We are currently living amidst the implementation of RA 10963, also known as Package One of the Tax Reform for Acceleration and Inclusion (TRAIN). Among the TRAIN’s host of new and reformed taxes, of special note are the new excise taxes on sweetened beverages (SBs). Section 29 of RA 10963 levies a P6/L tax on drinks using caloric or noncaloric sweeteners, and a P12/L tax on drinks using high-fructose corn syrup.
Advocates of the tax, especially from the medical community, welcome it as a pro-health measure that advances better nutrition by reducing excessive sugar consumption. Critics of the tax, on the other hand, claim it is anti-poor, since (a) sweetened beverages form a significant portion of the poor’s caloric consumption, and (b) the national health crisis is one of chronic undernutrition rather than obesity.
Faced with these two positions, how does one begin to enter the debate?
Here, we review the arguments of both sides to set the record straight. When it comes to taxation — or really any policy measure — it is counterproductive and misleading to view issues in terms of simple dichotomies.
SUGAR: GOOD OR BAD?
The first point of contention revolves around the simple valuation of sugar as either good or bad.
Health advocates emphasize how sweetened beverages raise blood sugar and blood pressure levels, increase body weight and risk for dental problems, and eventually cause resistance to insulin, which is our natural way of controlling sugar levels in our bodies. In this light, raising taxes to reduce consumption sounds sensible. Meanwhile, for critics, sweetened beverages are considered the poor’s ready access to calories that will fulfill their daily requirements. The SB tax is thus framed as a regressive measure, depriving the poor of an important source of daily nourishment.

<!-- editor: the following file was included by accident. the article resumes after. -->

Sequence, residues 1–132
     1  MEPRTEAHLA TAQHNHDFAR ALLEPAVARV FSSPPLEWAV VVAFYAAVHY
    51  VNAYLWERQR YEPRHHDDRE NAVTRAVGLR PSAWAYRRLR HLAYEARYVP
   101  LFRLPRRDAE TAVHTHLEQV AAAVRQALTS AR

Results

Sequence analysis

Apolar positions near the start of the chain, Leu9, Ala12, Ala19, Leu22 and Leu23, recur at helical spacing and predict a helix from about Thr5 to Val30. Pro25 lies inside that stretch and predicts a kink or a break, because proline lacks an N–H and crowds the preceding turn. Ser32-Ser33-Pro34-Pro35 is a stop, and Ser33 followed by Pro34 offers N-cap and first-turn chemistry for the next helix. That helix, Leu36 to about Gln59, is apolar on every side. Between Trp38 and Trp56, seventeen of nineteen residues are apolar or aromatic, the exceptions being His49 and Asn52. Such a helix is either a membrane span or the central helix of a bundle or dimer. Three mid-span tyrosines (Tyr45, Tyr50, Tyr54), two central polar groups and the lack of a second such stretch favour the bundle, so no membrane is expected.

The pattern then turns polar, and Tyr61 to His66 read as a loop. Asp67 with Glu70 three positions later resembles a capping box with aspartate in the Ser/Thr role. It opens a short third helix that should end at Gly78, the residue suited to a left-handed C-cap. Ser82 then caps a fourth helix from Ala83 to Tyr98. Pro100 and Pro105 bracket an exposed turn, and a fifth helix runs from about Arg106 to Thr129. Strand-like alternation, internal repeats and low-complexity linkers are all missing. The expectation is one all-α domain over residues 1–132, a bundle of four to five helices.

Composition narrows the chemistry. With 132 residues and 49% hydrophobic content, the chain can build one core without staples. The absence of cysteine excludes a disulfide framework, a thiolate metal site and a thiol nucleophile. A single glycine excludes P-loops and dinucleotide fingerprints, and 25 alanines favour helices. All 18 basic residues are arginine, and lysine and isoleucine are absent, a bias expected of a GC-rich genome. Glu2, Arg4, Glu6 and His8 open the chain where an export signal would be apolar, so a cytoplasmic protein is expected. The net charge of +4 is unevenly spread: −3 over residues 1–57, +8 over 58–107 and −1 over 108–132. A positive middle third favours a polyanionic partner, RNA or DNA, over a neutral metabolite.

It seems to me that to finish the debate here is tantamount to shrugging one’s shoulders and saying the poor can be left to consume the empty (even harmful) calories because it’s all they have. But how do we move forward together as a nation, if we find ourselves caught between starvation and junk?
The answer is less surprising than one might think.
On one hand, the current SB tax provision already exempts the beverages most consumed by the poor, including all milk and coffee products. But more to the point: instead of simply reducing the consumption of harmful products, the government can use the funds from the SB tax to make healthier alternatives like vegetables and potable water more accessible and affordable, especially for the poor.
Since nutrition is already part of the blanket earmarks for incremental funds from TRAIN, the best course of action seems to be for the government to walk their talk in the coming months. To change deeply ingrained behaviors on a societal level takes not only the elimination of some options, but also the improvement of others, of better options.
OBESITY OR UNDERNUTRITION?
The second point of contention is that we have much smaller an obesity problem (about 6% prevalence) than an undernutrition problem. Mexico, in contrast, had an obesity prevalence of about 30% when it imposed its own sweetened beverage tax. Perhaps in this case such a measure is justified.